Like/Unlike #6: Steve Portigal

sorry about the occasionally blurry video

Listen to Steve on Helping Sells Radio

I had a really enjoyable conversation with Sarah E. Brown and Bill Cushard for their Helping Sells Radio podcast.

The episode is posted here and embedded below

Research is sometimes about not doing anything at all

“Sometimes the best thing you can do in user research is to sit on your hands,” Portigal said. For example when talking to someone and they use a product feature in a different way than you intended or mispronounce the name of your product. “Just let them talk, don’t correct them,” he advised.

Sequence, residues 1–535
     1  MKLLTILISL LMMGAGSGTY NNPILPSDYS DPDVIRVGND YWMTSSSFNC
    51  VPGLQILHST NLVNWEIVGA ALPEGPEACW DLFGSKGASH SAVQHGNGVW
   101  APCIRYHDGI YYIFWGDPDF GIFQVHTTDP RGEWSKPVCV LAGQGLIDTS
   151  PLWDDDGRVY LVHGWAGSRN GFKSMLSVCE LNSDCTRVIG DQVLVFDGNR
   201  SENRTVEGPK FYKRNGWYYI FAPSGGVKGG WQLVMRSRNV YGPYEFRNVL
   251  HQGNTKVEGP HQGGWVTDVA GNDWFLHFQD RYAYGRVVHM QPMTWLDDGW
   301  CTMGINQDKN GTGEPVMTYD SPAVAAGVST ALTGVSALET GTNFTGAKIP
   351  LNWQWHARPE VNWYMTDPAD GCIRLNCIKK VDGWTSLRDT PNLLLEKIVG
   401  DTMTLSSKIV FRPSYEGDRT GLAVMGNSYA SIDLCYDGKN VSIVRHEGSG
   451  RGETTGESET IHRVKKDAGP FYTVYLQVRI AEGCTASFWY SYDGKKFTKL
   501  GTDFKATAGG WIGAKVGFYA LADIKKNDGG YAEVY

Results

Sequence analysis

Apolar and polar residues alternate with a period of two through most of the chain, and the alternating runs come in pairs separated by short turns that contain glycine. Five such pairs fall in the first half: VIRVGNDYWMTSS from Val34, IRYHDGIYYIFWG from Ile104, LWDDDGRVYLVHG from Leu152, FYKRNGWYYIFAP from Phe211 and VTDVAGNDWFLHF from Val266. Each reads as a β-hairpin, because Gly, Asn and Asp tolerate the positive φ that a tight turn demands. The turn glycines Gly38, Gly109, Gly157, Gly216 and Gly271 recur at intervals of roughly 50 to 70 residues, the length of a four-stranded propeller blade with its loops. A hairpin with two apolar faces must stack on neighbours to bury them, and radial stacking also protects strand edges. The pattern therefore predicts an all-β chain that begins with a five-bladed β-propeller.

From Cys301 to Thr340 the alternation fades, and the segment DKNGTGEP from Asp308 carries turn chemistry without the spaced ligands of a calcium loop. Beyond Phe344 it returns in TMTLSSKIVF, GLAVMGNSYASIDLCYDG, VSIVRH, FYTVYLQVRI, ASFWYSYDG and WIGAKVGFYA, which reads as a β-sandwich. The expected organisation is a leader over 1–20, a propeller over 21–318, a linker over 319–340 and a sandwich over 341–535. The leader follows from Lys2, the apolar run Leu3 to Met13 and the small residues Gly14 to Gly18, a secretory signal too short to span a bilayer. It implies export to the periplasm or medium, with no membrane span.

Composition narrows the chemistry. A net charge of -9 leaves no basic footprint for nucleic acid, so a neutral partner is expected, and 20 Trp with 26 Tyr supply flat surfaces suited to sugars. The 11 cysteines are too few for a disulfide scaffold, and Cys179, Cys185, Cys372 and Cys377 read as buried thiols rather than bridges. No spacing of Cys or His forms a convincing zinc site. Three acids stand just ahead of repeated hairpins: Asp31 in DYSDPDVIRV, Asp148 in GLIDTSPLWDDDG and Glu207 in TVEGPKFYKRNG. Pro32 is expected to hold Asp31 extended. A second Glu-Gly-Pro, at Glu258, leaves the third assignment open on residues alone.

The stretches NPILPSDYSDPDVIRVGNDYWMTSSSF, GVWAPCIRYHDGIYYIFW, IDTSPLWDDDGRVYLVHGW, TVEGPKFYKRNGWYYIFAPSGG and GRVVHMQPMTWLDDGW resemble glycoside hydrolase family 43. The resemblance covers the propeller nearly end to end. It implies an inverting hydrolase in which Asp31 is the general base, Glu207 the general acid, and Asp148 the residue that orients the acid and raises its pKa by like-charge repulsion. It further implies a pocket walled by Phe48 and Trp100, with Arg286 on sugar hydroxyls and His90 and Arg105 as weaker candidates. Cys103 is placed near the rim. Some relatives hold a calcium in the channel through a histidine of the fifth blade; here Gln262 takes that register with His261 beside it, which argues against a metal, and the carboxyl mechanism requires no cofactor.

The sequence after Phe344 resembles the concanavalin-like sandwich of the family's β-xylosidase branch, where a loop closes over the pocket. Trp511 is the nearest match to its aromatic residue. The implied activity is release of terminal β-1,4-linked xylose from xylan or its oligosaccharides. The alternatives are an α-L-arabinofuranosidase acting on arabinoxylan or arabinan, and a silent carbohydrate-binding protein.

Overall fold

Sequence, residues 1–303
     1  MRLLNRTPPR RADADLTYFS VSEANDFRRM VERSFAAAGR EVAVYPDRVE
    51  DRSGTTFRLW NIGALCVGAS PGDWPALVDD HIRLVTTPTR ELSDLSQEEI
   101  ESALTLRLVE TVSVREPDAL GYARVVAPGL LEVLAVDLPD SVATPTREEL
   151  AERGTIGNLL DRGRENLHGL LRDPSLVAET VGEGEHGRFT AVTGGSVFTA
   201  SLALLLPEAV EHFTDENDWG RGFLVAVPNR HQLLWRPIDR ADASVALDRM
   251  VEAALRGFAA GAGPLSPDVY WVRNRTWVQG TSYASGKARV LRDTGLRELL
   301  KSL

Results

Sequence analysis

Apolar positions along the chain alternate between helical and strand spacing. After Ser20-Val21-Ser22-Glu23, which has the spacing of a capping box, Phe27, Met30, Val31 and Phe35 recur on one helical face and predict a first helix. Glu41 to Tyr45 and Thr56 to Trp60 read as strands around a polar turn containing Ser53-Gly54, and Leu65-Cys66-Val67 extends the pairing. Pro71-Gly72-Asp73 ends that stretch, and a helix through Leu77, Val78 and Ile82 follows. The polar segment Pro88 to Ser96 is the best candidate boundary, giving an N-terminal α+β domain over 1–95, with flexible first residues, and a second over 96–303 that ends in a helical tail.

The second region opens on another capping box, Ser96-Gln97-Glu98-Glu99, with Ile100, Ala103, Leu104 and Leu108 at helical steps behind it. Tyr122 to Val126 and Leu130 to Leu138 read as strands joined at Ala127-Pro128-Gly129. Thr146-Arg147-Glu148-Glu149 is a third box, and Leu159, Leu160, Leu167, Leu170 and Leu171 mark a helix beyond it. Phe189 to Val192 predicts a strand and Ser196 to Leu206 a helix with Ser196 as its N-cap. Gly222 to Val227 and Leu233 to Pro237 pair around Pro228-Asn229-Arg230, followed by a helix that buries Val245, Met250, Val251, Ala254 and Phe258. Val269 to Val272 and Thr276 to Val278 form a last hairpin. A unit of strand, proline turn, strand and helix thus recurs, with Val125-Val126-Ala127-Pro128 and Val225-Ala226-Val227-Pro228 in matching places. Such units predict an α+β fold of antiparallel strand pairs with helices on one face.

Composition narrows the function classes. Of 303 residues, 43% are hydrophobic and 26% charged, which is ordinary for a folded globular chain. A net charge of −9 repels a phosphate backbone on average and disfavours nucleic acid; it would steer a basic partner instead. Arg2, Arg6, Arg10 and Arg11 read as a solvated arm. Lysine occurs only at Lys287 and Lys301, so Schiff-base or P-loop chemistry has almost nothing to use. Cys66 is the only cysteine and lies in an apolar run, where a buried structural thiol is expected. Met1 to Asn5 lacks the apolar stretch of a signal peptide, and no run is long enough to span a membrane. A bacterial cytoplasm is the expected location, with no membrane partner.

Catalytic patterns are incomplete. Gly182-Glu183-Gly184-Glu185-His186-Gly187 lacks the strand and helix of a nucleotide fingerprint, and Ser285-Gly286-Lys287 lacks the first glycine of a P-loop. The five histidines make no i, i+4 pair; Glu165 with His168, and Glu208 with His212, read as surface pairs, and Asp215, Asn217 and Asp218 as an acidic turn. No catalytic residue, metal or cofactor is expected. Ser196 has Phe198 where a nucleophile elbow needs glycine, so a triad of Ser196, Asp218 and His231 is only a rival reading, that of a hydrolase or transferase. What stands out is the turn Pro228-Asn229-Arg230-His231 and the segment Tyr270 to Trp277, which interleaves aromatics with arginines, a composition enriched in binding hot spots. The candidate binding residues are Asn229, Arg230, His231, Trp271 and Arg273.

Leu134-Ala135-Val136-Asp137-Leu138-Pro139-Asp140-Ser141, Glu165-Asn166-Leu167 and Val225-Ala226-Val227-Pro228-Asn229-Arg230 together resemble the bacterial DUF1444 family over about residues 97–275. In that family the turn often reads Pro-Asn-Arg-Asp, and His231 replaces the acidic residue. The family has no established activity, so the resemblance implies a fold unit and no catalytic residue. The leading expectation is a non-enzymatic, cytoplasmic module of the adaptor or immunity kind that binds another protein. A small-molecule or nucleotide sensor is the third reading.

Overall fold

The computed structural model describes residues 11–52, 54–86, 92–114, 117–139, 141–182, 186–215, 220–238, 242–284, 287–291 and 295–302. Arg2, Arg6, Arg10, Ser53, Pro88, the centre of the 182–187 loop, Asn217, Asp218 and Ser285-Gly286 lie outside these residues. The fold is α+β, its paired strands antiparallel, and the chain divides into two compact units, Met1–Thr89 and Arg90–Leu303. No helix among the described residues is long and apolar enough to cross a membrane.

By sitting back and letting the interview subject take control of the language they use and how they explain things, you’re giving them the power in the session. The power in any interview tends to lie with the interviewer, so by sitting back and letting them speak however they like, you’re giving it back to them.

The bonus lesson here is that interviewers are getting a first-hand look at the customer perspective and they can use that information to shift their own mindset. It can be hard figuring out what customers are thinking about or what they’re looking to get out of your products, so any interview you do with them helps with that. You are so invested in your product and so focused on it that it can be hard to step away and look at it from another view point. User research interview sessions give you that opportunity.